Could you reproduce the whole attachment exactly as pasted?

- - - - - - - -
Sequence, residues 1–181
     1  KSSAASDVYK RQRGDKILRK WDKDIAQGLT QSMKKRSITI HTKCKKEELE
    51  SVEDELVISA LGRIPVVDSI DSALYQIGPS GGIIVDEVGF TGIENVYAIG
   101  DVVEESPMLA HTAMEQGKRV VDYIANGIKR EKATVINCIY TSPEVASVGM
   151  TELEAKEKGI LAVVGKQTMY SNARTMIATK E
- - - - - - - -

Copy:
Sequence, residues 1–181
     1  KSSAASDVYK RQRGDKILRK WDKDIAQGLT QSMKKRSITI HTKCKKEELE
    51  SVEDELVISA LGRIPVVDSI DSALYQIGPS GGIIVDEVGF TGIENVYAIG
   101  DVVEESPMLA HTAMEQGKRV VDYIANGIKR EKATVINCIY TSPEVASVGM
   151  TELEAKEKGI LAVVGKQTMY SNARTMIATK E